likely seen and dismissed as a cheapo.

However my next sac on g7 is sound.
If there is a computer hole in this then I give up.

The reason why it was allowed and not played may be speculation,
but it's a good guess as to what was happening.
In this position Jacob has just sacced 23...BxP on d5!?
(make mental note "Do not play poker with this guy.")

This is a good player v good players move. There is no way he would
try this against a weaker player. The weaker player would take the
perpetual. White played 24.Nc7.

If 24.cxd5 Nxd5 (which is the only follow up).
Then 25.Qxg7+ is a perpetual.
24.cxd5 Nxd5 25.Qxg7+ Kxg7 26.Be5+ Kf8 27.Bg7+ Kg8 28.Bxh6+

I think Glenn Flear saw this but did not want to settle for a draw.
His 24.Nc7 wins the exchange and surely keeps the draw in hand.

Was this a bluff by Jacob. Did he see the Queen sac?
We will find out when Jacob annotates the game.

It looks like I'm taking White's side here. I am trying
to be impartial and annotating the position as I see it.

After winning the exchange White seems to drift without a plan.
Between moves 26 and 36 Jacob knits together a very solid position.

"You have the exchange - You win the game?"

White's in a wretched predicament. He has the material plus but
cannot get through the Black position.

A draw is no good to him, he lashes out - and it's a blunder.

37.b4? must be wrong. It's just what Black wanted.
After Black 40...a5 Black takes over and Jacob who is at the
top of game at the moment, makes the win look easy.

[Click here to replay the game]
Glenn Flear - Jacob Aagaard

1.d4 Nf6 2.c4 e6 3.Nc3 Bb4 4.Qc2 0-0 5.a3 Bxc3+ 6.Qxc3 b6 7.Bg5 Bb7 8.e3 d6 9.Ne2 Nbd7 10.Qd3 Re8 11.Nc3 Qe7 12.Be2 h6 13.Bh4 Bxg2 14.Rg1 Bb7 15.0-0-0 Nf8 16.f4 e5 17.fxe5 dxe5 18.Rdf1 N8h7 19.d5 e4 20.Qd4 Kh8 21.Nb5 Rad8 22.Bg3 c5 23.Qc3 Bxd5 24.Nc7 Bc6 25.Nxe8 Nxe8 26.Rd1 Ra8 27.Bf4 f6 28.Bh5 Nf8 29.Bxe8 Bxe8 30.Rd6 Ne6 31.Bg3 Ng5 32.h4 Nf7 33.Rd2 Bd7 34.Bf4 h5 35.Rd5 Bg4 36.Rg2 Kg8 37.b4 cxb4 38.axb4 Qe8 39.Kb2 Rc8 40.c5 a5 41.Qd4 bxc5 42.bxc5 Qb5+ 43.Kc3 Qf1 44.Rb2 Be6 45.Qxe4 Qc1+ 46.Rc2 Qa3+ 47.Kd2 Bxd5 48.Qxd5 Rd8 49.Bd6 Qb4+ 50.Kd3 a4 51.Rc3 Qxh4 52.e4 Qg4 53.Kd4 h4 54.Ra3 h3 55.Qa2 Re8 56.Qd5 Qg1+ 57.Kc4 h2 58.Bxh2 Qxh2 59.Rxa4 Qc2+ 60.Kb5 Rb8+

Wonder what the English Chess Fed. are going to do now?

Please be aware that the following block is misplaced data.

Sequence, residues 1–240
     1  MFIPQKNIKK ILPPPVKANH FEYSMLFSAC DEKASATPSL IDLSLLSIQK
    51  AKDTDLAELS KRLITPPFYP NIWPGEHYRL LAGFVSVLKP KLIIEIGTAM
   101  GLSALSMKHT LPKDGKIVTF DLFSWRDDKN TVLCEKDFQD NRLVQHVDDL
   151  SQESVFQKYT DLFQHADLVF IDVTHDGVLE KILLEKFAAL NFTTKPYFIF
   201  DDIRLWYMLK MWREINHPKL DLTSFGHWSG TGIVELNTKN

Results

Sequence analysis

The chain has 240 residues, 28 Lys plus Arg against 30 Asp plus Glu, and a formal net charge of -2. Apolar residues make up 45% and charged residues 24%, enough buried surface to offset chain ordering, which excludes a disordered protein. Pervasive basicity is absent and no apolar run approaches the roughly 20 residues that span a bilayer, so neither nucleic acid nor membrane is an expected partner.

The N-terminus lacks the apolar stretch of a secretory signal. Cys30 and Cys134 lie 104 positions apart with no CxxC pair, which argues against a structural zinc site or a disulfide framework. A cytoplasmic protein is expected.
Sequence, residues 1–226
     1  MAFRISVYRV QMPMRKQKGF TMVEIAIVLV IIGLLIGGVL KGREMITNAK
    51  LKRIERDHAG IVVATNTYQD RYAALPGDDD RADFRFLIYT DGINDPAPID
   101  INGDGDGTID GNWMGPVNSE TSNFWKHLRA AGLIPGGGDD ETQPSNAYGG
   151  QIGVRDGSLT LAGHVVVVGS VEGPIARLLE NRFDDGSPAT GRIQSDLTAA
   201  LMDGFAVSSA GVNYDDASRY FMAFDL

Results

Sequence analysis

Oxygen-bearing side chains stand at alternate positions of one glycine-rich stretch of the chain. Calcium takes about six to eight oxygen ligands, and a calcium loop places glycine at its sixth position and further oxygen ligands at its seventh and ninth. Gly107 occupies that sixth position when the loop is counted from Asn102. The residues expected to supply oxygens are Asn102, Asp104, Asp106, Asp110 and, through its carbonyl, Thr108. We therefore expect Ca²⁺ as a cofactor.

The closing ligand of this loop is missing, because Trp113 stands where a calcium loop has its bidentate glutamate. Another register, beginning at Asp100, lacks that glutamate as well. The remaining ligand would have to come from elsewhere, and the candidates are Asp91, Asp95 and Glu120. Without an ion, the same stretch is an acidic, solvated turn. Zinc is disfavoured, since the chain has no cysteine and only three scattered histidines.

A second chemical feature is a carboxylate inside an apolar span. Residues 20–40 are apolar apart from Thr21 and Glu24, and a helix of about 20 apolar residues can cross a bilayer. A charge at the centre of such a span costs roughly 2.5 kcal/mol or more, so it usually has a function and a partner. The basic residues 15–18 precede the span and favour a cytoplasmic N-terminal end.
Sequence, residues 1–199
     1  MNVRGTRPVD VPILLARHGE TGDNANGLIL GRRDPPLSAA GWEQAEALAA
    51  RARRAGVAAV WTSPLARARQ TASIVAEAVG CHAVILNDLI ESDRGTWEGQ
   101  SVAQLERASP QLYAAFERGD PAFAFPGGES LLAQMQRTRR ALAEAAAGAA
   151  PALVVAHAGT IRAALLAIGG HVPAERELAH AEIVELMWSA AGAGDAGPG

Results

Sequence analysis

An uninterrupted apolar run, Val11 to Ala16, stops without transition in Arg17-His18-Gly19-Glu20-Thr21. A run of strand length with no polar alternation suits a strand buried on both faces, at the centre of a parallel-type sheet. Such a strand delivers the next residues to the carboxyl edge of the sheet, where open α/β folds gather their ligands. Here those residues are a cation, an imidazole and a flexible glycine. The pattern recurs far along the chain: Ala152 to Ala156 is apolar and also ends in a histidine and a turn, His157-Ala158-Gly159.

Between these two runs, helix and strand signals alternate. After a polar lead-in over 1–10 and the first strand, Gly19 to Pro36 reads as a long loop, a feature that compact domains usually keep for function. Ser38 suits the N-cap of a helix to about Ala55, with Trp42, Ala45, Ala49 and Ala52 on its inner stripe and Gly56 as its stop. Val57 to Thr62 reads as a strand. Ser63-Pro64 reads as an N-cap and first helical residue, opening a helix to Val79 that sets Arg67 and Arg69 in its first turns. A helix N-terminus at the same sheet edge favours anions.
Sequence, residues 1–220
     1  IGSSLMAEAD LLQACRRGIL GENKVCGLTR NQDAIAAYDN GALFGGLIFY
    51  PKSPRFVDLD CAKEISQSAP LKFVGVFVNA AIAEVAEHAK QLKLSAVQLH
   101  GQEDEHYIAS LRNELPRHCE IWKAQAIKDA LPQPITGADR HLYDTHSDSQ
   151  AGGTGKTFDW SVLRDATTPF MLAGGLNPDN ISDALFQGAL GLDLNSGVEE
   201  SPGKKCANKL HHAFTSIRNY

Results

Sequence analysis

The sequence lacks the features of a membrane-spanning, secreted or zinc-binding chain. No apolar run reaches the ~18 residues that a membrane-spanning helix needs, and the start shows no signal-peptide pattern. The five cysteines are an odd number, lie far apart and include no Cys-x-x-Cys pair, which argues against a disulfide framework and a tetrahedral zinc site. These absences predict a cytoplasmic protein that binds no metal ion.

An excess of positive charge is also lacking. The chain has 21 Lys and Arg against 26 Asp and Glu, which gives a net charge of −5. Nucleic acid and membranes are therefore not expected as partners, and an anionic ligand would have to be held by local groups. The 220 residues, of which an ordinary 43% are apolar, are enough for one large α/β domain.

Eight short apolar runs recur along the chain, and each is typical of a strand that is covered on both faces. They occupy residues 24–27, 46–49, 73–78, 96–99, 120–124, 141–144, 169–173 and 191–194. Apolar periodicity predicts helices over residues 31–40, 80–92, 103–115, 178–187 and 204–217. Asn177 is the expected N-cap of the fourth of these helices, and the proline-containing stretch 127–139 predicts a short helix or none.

A few years back players from India were winning the British title.
So they changed the rules. The Championship is now only open
to players who live in Britain.

They are going to have to come up with an anti-Scottish rule.

(The pictures of Jacob & Ketevan were by Bob Jones)

Now if you really want a laugh.
Go to the Scottish Noticeboard and look up comments from the Gordon - Rowson game.

The homo-electronicals could hardly believe their Fritz's and multi-tasking
was the order of the day as they saw the game, gave Fritz the move
and saw Fritz replies.

It transpires they were looking at the wrong game.

Jonathan v Jacob. I'm looking forward to this.

Yup - it looks like a Ruy Lopez.

Jacob played the Lopez last year-Do you think Jonathan knows this?

Sure - Jonathan might play a Marshall.

Yup-Jonathan might play a Marshall

Jonathan played a Marshall last year-Do you think Jacob knows this?

But wait- what's this?
It's over. Jonathan is in the coffee shop across the road.
He must have lost in 6 moves...Incredible.

Yup-That's Jonathan drinking a cup of coffee alright.

Last year he drank tea.

Wow!!!! A GM losing in six moves.


Last year it would have been bizarre.

You are looking at the outside CC TV.
The man in the coffee shop is NOT Jonathan Rowson.

I don't believe it.

Somebody must be playing tricks on us.

They did not play tricks on us last year.

Why isn't Eddie Dearing playing in this years British?

Eddie did not play in it last year.


News just in from the English Chess Fed.

From now on the British Championship is only open to people born in
Tunbridge Wells who can trace their family tree back to the battle of Waterloo.